The Flux Quartet has also played Anderson's Rosemary Swale and January Swale, while violinist Mary Rowell has championed her Tales for violin and piano; these latter are modal with an Asian flavor, almost devoid of accidentals but allowing loads of expressive interpretation for the violinist. The only other living composer it might remind you of is Lou Harrison, who in recent years has gotten belated recognition for his lyric simplicity. New Mexico Swale for flute, percussion, and string trio, has strings accompany percussive solos on guiro and bull roarer, and the viola and cello share a long dialogue on just a few pitches. My favorite Anderson work so far, though, is the 12-minute Concerto for piano and six instruments that pianist Joseph Kubera premiered a few years ago, whose rollicking, modal tunes do crescendo into a rare Anderson apotheosis.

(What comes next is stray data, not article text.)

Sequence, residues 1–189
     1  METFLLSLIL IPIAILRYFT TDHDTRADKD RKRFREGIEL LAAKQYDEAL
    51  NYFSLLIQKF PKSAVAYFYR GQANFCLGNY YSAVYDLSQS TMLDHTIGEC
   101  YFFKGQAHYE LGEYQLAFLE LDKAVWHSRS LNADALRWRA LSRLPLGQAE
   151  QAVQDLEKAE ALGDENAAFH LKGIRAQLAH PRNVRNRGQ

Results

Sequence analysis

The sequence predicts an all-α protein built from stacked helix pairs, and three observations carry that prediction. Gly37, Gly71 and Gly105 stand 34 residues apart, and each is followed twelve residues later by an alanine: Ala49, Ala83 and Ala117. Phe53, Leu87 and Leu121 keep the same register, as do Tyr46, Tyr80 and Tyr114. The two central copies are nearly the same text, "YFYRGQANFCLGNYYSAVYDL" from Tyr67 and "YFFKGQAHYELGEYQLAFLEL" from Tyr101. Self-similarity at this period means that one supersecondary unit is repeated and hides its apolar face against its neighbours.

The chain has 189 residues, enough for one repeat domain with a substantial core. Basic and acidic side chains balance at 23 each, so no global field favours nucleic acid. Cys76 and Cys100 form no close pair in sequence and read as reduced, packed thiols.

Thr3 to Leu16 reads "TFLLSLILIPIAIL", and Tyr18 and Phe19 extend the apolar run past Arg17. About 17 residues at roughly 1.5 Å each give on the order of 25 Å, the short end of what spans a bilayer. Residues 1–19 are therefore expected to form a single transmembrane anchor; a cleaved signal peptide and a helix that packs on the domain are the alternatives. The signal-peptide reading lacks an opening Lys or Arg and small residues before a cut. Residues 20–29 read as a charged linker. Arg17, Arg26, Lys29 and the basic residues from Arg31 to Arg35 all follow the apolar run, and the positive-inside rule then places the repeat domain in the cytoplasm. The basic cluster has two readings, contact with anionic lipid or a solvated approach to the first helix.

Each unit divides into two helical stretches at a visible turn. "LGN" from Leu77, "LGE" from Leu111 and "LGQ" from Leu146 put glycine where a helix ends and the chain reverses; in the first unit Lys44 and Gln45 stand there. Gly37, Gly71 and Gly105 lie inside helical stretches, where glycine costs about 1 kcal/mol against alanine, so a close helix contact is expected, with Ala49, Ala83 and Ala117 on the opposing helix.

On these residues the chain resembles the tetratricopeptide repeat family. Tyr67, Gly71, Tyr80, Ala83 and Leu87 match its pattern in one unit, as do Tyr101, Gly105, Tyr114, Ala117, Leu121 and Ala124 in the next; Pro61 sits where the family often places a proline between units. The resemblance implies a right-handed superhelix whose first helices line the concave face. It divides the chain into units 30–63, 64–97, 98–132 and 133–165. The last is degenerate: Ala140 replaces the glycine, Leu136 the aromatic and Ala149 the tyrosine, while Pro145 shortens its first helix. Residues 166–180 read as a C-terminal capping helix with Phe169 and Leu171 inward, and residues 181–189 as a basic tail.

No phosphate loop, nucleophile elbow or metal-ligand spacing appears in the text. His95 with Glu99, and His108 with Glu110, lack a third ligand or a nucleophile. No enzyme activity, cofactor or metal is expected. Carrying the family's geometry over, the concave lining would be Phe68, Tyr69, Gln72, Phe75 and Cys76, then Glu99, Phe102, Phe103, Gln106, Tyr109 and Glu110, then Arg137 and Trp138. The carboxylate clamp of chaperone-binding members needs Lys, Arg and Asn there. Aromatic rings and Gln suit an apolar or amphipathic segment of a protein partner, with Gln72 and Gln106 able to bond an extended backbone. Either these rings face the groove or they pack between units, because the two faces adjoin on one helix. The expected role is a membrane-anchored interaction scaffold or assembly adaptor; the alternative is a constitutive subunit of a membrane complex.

It's charming, accessible music, striking and sturdy. Why have you never heard it before? Because the distribution of new music is mostly controlled by composers, who (this is one of the profession's dirty secrets) are loathe to program composers whose music is more audience-friendly than their own. As a result, Anderson is underrepresented on discs, though you will find her Minnesota Swale for orchestra on Opus One with the Slovak Radio Symphony, and her lovely Trio: dream in D on North South Recordings. As Schoenberg said, there's a lot of great music left to be written in C major. Following that advice - or rather, not needing it - Anderson has demonstrated that originality, simplicity, and beauty are still more compatible elements than many composers want you to believe.